Ford's CEO Might Execute Lower-margin Vehicles to Boost Profits
Ford’s new CEO, Jim Hackett, has been milling around the company trying to get a sense of what the automaker needs to thrive in today’s car market. Conducting a summer-long assessment of the company’s current status and action points, Hackett is setting himself up with a greater understanding of where Ford stands in order to share his vision of the automaker’s future with investors in early October.
However, we already have some sense of what that future entails. Hackett has already spoken with leadership from the United Auto Workers, easing union fears that he might try to clean house and cut jobs. But his reassurance that there probably won’t be massive layoffs under his leadership doesn’t guarantee low-margin automobiles won’t be at risk.
This isn’t entirely down to Hackett’s management style, either. Investors were becoming annoyed with former CEO Mark Fields’ lofty long-term strategy, which featured fewer near-term goals aimed at bolstering profitability. Some analysts expect Hackett to end production of models that aren’t big earners — which includes just about everything that isn’t an SUV, crossover, or pickup truck.
Even though Ford is already getting into the midsize truck game with the 2019 Ranger (and has the EcoSport compact crossover prepped for next year), its investment base is annoyed that access to these growing segments isn’t available already. According to Automotive News, industry experts expect Hackett to appease shareholders by trimming the fat in less-desirable segments and focusing on what’s hot.
“There’s a lot of low-hanging fruit,” said Dave Sullivan, manager of product analysis at AutoPacific. “They need to be able to react faster to consumer demand.”
Shifting focus off less-desirable segments means some models will likely get the axe at the end of their current product cycle. We’re not expecting to see a return of the C-Max. Despite hanging on better than some of its competitors this year, hybrid car sales are down across the board for 2017 and the C-Max was never a value leader for the company. Annual sales in the peaked in 2013 with 35,210 U.S. deliveries but fell to 19,834 units in 2016.
Ford’s Fiesta experienced a similar decline between the same timeframe — going from 71,073 units to 48,807. While overseas customers will enjoy their Fiestas for some time to come, American buyers won’t see a seventh-generation model. Not even an ST.
Automotive News also tossed in the Taurus for good measure, but that one is a little more difficult to predict. While Taurus sales dropped at roughly the same rate as the Fiesta post-2013, and the model looks poised for an exceptionally bad 2017, fleet sales to law enforcement agencies could keep it afloat for quite some time — mimicking what happened with the Crown Victoria.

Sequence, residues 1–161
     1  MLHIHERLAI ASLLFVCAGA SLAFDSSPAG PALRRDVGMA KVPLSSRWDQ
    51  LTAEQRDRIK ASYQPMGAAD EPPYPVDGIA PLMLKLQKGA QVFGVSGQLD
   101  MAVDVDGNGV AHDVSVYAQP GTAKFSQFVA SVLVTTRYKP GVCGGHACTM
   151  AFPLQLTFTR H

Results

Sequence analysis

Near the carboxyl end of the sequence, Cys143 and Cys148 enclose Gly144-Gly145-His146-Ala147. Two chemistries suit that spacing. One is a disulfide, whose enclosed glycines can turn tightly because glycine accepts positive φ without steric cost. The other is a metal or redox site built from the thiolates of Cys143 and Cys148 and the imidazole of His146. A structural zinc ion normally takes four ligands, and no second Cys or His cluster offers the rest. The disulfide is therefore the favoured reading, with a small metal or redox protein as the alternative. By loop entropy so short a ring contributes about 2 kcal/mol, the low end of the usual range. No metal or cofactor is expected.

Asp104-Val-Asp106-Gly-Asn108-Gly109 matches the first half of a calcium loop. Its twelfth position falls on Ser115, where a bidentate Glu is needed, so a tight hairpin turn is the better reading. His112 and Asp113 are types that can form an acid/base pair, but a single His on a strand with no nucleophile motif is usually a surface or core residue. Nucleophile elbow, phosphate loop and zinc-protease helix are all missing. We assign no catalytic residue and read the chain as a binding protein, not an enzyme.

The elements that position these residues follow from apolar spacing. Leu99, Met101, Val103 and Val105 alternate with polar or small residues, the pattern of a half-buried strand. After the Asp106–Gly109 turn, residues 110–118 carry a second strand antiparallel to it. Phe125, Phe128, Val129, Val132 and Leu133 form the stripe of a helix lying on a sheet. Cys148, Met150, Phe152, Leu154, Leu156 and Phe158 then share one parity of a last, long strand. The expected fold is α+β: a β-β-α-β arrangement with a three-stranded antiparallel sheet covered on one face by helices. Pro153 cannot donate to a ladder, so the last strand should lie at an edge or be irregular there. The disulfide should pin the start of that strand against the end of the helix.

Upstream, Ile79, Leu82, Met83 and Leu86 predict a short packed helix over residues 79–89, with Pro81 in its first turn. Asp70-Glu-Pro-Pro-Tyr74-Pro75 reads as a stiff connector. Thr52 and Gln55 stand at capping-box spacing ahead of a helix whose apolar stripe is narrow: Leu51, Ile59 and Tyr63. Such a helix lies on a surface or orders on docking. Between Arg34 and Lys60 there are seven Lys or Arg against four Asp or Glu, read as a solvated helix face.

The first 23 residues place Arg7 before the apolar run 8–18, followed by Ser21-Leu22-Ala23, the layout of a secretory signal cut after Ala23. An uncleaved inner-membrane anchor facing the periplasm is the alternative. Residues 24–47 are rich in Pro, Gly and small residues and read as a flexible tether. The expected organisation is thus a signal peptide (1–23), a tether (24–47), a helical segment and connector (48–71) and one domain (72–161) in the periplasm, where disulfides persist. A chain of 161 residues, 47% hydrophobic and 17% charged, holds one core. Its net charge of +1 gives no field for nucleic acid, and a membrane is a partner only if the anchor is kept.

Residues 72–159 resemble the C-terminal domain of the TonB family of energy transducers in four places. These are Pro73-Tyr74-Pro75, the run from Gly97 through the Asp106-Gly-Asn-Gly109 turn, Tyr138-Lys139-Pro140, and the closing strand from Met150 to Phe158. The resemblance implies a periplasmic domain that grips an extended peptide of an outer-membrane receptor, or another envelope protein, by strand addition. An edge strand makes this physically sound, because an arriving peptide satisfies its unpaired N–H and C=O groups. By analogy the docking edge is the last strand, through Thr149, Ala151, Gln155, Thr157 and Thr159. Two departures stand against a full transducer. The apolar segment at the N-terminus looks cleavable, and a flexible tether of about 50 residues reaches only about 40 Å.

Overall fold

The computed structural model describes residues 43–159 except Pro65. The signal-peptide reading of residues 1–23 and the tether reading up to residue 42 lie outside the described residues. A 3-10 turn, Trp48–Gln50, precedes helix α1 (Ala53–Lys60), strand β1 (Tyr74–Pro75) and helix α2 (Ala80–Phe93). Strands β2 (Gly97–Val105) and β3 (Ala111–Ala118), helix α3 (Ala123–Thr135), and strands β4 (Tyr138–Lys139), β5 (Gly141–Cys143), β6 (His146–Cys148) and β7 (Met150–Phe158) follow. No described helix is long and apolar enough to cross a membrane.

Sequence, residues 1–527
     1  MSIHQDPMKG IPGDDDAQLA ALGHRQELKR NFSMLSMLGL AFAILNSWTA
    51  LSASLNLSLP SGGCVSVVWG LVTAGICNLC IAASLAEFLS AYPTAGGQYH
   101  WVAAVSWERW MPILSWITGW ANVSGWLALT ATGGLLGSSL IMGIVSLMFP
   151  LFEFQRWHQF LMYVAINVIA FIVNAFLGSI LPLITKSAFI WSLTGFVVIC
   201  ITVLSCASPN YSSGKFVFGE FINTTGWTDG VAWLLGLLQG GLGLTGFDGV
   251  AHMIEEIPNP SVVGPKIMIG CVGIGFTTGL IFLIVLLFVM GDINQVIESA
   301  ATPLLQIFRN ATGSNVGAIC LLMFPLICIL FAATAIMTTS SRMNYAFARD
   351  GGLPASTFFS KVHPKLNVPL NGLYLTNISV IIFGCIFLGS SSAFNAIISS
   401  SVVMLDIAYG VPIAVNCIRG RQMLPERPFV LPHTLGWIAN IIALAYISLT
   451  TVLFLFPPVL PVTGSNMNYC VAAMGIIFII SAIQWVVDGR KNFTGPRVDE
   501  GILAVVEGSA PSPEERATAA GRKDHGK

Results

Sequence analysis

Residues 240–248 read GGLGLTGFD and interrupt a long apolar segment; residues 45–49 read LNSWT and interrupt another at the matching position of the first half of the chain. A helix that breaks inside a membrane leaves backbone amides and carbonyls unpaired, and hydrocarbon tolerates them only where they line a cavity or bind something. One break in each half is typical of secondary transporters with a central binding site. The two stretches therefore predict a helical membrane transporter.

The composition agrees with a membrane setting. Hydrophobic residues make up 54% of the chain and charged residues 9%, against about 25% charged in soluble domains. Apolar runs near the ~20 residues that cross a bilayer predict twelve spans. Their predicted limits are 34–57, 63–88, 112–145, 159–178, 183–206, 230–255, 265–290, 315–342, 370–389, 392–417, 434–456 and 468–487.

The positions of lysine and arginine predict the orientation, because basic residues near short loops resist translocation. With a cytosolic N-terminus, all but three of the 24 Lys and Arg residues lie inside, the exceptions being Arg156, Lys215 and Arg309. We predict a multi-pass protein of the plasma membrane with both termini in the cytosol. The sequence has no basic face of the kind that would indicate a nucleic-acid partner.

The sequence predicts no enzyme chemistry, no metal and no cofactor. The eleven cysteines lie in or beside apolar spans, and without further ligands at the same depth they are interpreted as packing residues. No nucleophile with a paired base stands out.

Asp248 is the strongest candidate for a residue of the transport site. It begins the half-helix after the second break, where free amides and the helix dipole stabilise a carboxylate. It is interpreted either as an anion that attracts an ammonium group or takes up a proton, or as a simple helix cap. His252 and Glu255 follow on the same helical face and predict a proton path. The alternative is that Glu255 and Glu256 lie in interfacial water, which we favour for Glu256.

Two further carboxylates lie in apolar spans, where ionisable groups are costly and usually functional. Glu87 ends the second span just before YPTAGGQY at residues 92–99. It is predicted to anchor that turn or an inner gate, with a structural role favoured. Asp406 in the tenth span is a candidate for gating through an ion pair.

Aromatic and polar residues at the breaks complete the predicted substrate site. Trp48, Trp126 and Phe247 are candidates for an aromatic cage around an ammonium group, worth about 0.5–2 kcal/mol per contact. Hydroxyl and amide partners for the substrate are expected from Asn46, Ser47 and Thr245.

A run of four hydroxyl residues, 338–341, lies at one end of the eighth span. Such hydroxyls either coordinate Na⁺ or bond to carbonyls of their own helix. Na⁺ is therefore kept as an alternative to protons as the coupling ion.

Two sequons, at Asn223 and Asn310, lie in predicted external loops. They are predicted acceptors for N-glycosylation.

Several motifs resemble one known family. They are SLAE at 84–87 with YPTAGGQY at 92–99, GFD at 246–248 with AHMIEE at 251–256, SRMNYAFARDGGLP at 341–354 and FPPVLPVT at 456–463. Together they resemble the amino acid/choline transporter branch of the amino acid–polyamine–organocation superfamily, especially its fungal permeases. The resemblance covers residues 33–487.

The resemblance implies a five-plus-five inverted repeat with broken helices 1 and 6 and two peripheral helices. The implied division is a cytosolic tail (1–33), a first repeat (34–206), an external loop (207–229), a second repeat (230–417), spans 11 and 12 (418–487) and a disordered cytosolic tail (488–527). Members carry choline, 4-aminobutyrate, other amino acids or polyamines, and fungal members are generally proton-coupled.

Regardless of how it happens, Ford will assuredly make crossovers and trucks a bigger priority while allowing cars to take a backseat in future production strategies.
“This is an industry that has historically only thought as far forward as the next quarter and how things affect earnings,” Sullivan said. “I think there has to be more of a blend of looking forward to the next quarter and year, but also having an understanding of what the future of the auto industry is going to look like and building the foundation for that now.”
Hackett will address Ford’s shareholders and industry analysts in New York on October 3rd.
[Image: Ford Motor Company]
Join the conversation
Latest Car ReviewsRead more
Latest Product ReviewsRead more
- MaintenanceCosts We need cheaper batteries. This is a difficult proposition at $50k base/$60k as tested but would be pretty compelling at $40k base/$50k as tested.
- Scott ?Wonder what Toyota will be using when they enter the market?
- Fred The bigger issue is what happens to the other systems as demand dwindles? Will thet convert or will they just just shut down?
- Roger hopkins Why do they all have to be 4 door??? Why not a "cab & a half" and a bit longer box. This is just another station wagon of the 21st century. Maybe they should put fake woodgrain on the side lol...
- Greg Add me to the list: 2017 Sorento EX AWD w/2.0 Turbo GDI 68K miles. Changed oil religiously with only synthetic. Checked oil level before a rare long road trip and Ievel was at least 2 quarts down. That was less than 6 months after the last oil change. I'm now adding a quart of oil every 1000 miles and checking every 500 miles because I read reports that the oil usage gets worse. Too bad, really like the 2023 Tuscon. But I have not seen Hyundai/Kia doing anything new in terms of engine development. Therefore, I have to suspect that I will ony become a victim of a fatally flawed engine development program if I were to a purchase another Kia/Hyundai.
Why don't Ford just become a truck seller as that's what it's really known for? Leave the other vehicles to the other automakers, which it already had, like Honda, Toyota, Nissan, etc...
I guess I missed the part where the guy explains how leaving numerous market segments makes Ford "able to react faster to consumer demand". If consumer tastes change and a different segment gets hot, shouldn't Ford already be in that segment? Rather than reacting to what's hot, shouldn't they anticipate what will be hot next? Which means you have to build some things that aren't hot ... until they get hot?